Manufacturers must also operate under highly regulated and often conflicting compliance protocols imposed by retailers resulting in inefficient production runs and inventory management.
The impact of Covid-19 and Brexit is also evidenced in the complex time-sensitive distribution of food and drink products, in terms of proficient manufacturing roles and HGV drivers often leading to delays in delivery, thus many products are degraded and/or rejected.
It is also a common practice to outsource product distribution and complications are associated with non-compliance of chilling procedures, product damage during loading, transportation and offloading which not only affect the product but the packaging, often resulting in ‘unfit-for-sale’ rejections and contractual manufacturer penalty clauses.
The volume of household food waste is very much prevalent within socio-democratic variables namely age, race, level of education, employment positioning and family size. Evidence shows that the older we are, the more conservative we become, especially those over 65.
Common failings which correlate to waste are insufficient time or an inability to cook from scratch. Our culture of consumerism is reflected in 60% of supermarket purchases taking place on impulse, consumers taking short-term advantage of bulk food discounts with little thought or planning, resulting in 48% of food shopping being discarded due to exceeding ‘suggested’ sell by dates, further compounded in limited adequate storage and space.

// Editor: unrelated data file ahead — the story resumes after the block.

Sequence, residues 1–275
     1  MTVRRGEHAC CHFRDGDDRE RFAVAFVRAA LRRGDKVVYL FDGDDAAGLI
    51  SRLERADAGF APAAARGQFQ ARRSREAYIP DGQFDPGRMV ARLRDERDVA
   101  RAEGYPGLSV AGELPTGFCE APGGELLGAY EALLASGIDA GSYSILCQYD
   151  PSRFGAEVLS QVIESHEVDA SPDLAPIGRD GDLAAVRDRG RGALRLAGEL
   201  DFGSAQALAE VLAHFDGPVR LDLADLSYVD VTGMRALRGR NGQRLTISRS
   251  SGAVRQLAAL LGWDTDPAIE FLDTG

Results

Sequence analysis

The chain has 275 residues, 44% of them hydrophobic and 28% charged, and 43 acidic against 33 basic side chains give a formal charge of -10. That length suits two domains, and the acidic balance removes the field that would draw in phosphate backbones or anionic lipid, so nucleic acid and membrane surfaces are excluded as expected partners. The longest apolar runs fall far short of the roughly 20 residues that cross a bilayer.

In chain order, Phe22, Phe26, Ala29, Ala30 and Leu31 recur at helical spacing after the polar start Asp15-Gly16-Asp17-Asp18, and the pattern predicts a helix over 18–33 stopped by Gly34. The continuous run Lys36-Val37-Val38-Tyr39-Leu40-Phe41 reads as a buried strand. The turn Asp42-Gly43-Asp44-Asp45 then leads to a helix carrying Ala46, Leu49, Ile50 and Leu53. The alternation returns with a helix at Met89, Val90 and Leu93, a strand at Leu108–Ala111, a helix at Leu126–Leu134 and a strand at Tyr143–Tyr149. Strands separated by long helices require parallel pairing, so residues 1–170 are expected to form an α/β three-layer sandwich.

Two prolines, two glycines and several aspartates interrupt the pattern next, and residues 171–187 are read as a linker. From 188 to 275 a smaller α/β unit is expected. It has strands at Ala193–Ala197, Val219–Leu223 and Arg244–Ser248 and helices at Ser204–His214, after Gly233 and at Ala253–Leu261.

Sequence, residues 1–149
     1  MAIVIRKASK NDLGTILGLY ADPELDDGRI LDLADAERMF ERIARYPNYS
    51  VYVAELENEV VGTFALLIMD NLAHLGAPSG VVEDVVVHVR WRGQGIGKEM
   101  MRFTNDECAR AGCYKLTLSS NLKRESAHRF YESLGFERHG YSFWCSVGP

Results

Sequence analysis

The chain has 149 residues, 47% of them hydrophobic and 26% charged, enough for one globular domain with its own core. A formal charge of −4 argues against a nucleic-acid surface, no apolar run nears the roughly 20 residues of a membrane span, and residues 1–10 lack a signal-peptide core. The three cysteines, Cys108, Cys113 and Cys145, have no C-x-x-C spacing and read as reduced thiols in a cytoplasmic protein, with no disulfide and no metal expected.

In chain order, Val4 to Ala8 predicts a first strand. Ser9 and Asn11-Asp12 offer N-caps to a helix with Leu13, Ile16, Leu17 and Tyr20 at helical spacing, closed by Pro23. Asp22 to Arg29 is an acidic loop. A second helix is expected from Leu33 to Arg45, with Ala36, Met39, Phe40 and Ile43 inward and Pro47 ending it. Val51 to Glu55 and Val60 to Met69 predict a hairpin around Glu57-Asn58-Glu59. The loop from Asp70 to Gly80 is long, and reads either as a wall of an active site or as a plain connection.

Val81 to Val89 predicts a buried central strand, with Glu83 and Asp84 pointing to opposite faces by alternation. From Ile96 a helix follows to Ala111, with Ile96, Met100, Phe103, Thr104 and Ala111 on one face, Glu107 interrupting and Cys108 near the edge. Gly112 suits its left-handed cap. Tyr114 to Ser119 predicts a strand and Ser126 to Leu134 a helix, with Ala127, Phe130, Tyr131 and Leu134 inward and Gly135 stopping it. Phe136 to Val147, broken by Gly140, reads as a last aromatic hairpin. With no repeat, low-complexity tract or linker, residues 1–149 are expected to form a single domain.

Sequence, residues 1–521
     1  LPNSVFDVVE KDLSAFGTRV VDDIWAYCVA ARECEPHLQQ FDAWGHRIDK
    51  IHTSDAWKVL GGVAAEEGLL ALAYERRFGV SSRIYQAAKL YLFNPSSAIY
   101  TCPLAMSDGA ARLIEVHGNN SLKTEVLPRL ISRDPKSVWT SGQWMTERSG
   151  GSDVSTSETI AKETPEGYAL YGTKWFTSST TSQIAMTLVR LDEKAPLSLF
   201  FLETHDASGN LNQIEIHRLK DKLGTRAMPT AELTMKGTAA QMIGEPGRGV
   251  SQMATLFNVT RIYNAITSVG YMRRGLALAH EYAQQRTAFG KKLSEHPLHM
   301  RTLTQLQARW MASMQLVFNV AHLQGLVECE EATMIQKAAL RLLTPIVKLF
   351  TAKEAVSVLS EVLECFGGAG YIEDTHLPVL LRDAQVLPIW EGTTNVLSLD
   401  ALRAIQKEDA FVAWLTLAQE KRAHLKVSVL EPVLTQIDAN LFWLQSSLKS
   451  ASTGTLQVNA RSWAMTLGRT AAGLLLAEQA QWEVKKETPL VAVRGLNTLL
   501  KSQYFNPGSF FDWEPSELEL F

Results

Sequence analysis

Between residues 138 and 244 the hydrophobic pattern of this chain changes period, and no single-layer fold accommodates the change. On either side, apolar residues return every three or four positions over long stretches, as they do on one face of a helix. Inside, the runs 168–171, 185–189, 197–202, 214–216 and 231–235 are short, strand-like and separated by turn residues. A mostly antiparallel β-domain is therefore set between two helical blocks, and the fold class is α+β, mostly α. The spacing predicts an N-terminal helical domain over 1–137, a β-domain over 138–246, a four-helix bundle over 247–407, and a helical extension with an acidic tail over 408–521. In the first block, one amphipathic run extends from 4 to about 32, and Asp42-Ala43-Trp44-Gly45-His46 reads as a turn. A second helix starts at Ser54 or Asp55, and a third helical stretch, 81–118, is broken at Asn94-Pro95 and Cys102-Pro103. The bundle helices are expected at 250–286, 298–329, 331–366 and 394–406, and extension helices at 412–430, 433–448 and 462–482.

For instance, the majority of our refrigerators are programmes at 7°C or above, rather than at a more suitable temperature of 4°C. The top three food groups wasted are vegetables, fruit, and drinks. When it comes to consumption, consumer ‘eyes are very much larger than their actual appetites’ as evidenced by food left on our plates equating to 31% while the problem is often hidden in refuse sacks for collection.
The food and drink supply chain need to change their habits, especially consumers in driving the change from ‘fork to farm’. However, to change our cultural habits is difficult in moving from conscious food waste reduction behaviour to a conditioned automated reduction to food waste through a process of habituation, as evidenced in our post-Christmas diet promises in pursuit of that ideal summer beach body.
However, below are a list of catalysts to help the much-needed cultural change process and readers are encouraged to adopt in 2022 and beyond:
- Pre-plan shopping list and ‘stick to it.’
- Try e-shopping but avoid impulse of ‘we must have that’ feeling.
- Micro shops to work within sell by dates and avoid food hording.
- Always read food storage instruction they are a guidance not a rule.
- Audit your fridge / freezer via the FIFO method: “first in, first out.”
- Smaller servings, to help you may need to buy smaller plates.
- Recycle food not eaten, especially seeds and skins.
- Embrace food preservation techniques and taste the difference.
- Avoid aesthetically pleasing options.
- Start today and learn to cook from scratch and see the immediate benefits.